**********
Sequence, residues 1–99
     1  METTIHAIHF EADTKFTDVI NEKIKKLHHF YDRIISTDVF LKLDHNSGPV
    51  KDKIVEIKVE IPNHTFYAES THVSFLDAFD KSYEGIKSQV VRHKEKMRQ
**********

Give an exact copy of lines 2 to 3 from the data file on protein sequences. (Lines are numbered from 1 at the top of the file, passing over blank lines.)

     1  METTIHAIHF EADTKFTDVI NEKIKKLHHF YDRIISTDVF LKLDHNSGPV
    51  KDKIVEIKVE IPNHTFYAES THVSFLDAFD KSYEGIKSQV VRHKEKMRQ